Koh Kong Province, 06 July 2013 –The meeting in preparation for the dolphin survey brought together dolphin experts from IUCN Thailand and IUCN Cambodia as well as all relevant stakeholders from Cambodia such as the Fisheries Administrative, the Department of Environment, and community members to meet and share survey techniques and methodologies. This survey will also collaborate with Dr Brian Smith, who is the Director of the World Conservation Society’s Asian Freshwater and Coastal Cetacean Programme.
Dolphins have been listed as one of the internationally most endangered species on the IUCN Red List and are fully protected by Cambodia’s Fishery Law. According to WWF (2011), it is estimated that there are around only 85 dolphins left in Mekong River. In Koh Kong Province, no research has been conducted on dolphins yet.
The dolphin survey will study the number of dolphins in Peam Krasop Wildlife Sanctuary (PKWS), the places where different species of dolphin frequently use in PKWS and the areas adjacent to it in different seasons, the threats to dolphins including climate and non-climate factors, and also integrating this information into PKWS Management Planning.
Based on the results of this survey, the Building Coastal Resilience (BCR) project will also propose management efforts and trans-boundary collaboration for dolphin conservation between Koh Kong Province in Cambodia and Trat Province in Thailand.
Mr Marady Hun, Deputy Director of the Department of Environment said “In April 2012, I found around 20 dolphins swimming near my boat. Amongst them, one was pink and the rest were black. For us, dolphins are very important and attractive for tourists. We know that there are a lot of dolphins in Koh Kong. However, we do not know their movements, the places where they migrate, and their seasonal stay etc. So there is a need for us to promote dolphin tourism as it depends on being lucky enough to see them. This survey is very important for PKWS Management Planning and for the tourism sector.”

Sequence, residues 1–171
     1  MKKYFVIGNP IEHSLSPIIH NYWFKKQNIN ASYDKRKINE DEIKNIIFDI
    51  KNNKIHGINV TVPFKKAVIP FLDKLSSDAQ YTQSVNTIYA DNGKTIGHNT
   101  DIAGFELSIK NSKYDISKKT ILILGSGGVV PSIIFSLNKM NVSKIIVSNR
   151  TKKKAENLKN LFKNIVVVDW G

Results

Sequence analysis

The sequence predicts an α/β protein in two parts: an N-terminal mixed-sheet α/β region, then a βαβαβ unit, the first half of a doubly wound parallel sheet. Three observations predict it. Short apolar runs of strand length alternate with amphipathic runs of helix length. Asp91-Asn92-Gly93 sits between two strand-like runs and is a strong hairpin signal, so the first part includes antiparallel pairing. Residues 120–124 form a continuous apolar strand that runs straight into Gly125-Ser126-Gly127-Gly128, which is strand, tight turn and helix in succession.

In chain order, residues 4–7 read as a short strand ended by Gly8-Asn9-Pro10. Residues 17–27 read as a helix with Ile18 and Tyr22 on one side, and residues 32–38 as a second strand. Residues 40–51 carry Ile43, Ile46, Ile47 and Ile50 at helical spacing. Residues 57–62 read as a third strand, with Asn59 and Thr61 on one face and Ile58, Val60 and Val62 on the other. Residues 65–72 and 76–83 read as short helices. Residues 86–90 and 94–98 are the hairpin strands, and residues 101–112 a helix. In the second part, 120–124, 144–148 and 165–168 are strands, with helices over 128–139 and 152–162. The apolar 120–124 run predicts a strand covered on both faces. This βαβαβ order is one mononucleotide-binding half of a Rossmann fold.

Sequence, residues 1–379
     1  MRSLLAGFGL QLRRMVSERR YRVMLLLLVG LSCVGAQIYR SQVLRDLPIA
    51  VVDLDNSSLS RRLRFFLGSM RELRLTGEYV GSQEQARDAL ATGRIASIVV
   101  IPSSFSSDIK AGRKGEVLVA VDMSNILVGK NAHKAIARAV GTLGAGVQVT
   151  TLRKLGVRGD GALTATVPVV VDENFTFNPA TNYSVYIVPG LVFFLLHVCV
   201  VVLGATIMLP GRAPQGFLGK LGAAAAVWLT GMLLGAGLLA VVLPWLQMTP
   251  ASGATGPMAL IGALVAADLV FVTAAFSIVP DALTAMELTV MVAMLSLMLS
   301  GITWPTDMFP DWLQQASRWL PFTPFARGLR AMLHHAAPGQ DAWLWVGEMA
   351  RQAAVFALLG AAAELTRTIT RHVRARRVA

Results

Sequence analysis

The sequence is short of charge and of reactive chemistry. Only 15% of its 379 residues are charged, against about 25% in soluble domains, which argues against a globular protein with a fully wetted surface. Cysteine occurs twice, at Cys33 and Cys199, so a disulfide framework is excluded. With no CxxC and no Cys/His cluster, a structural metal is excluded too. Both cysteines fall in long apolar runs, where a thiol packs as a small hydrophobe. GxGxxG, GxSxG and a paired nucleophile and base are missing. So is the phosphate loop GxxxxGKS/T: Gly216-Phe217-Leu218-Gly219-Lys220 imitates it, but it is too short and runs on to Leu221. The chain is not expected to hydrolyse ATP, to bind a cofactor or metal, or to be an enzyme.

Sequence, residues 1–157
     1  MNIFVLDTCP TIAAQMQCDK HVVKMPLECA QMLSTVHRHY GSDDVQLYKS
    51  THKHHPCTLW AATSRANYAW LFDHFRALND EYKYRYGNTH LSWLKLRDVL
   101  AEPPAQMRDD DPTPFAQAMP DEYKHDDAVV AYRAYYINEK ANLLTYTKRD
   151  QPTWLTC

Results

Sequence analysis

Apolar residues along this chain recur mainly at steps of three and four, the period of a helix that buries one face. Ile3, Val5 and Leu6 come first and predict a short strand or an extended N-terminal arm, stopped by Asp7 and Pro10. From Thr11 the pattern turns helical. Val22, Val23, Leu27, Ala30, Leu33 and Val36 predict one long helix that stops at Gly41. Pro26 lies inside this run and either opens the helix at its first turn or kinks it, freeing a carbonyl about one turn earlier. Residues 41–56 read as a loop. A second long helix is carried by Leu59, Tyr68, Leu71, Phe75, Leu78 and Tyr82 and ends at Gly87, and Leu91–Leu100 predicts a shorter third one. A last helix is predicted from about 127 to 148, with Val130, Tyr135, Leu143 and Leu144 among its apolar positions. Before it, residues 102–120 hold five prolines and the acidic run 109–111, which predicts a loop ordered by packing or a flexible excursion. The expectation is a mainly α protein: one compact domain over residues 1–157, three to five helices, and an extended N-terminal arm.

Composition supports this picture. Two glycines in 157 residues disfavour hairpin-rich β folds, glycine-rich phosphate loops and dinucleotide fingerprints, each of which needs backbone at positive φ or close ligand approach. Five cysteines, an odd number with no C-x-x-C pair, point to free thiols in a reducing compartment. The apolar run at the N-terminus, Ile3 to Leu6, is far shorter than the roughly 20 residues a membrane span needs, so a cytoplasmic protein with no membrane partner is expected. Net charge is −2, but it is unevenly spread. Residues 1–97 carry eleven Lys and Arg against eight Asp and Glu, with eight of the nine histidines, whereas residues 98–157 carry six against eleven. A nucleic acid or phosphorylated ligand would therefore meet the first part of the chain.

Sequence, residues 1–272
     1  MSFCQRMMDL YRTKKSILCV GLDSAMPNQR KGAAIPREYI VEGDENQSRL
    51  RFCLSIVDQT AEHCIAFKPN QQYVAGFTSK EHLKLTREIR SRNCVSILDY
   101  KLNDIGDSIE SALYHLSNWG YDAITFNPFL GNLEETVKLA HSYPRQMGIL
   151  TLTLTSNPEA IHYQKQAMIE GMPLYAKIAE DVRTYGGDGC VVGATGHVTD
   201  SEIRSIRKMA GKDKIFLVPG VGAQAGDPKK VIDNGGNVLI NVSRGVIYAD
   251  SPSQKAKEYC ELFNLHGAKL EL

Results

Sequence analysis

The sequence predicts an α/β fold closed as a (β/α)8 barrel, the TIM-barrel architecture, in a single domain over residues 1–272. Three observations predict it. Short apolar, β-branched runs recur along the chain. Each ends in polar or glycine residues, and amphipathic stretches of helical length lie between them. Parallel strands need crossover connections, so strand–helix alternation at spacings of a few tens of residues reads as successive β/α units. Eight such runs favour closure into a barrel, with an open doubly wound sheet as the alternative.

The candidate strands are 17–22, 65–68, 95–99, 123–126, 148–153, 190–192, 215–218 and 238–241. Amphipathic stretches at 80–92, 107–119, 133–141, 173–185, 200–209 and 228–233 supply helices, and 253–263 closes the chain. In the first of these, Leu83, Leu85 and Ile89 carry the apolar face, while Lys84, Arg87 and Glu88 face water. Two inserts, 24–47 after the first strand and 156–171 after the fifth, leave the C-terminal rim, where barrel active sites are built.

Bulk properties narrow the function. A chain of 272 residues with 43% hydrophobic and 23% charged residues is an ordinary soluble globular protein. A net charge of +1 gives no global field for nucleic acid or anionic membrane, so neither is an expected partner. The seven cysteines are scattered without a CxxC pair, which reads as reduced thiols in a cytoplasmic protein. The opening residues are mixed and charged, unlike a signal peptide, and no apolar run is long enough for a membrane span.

In Koh Kong, dolphins are one of the main components for development of the tourism sector. Mr Dara Vong, Chief of Village II, stated “Dolphins are a memorial gift for tourists. A lot of tourists come to see them. However, few are successful.”
Ms Saisunee Chaksuin, a specialist in dolphin conservation with IUCN’s Southeast Asia Group said “From my experience of working in the Gulf of Thailand, fishers observed dolphins for catching schools of fish. This is because dolphinseat the same species of fish that humans consume. Dolphins also move away from polluted water. This can help fishers who use mariculture to harvest marine animals before the polluted water comes to Samut Sakhon Province in Thailand. Moreover, I learnt from interacting with fishers in Thailand, Cambodia and Viet Nam that they find Irrawaddy dolphin in coastal areas. We can say this is an iconic species shared within our boundaries.”
This study will facilitate the creation of a Dolphin Rescue Network and a system to monitor and report first-aid administered to dolphins, thereby increasing the chance of survival of stranded dolphin and genetic data collection. Awareness and education of local people will be furthered with the creation of the Dolphin Conservation Network and Dolphin Eco Club which will promote this project to the community, including all the other stakeholders.
By Chenda Say, Saisunee Chaksuin, Ria Sen, Joehl Cadena Angela
For more inforamation, please contact:
Mr. Kimsreng Kong, Senior Programme Officer
Mr. Kong Sun, Field Coordinator
Ms. Chenda Say, Communication Officer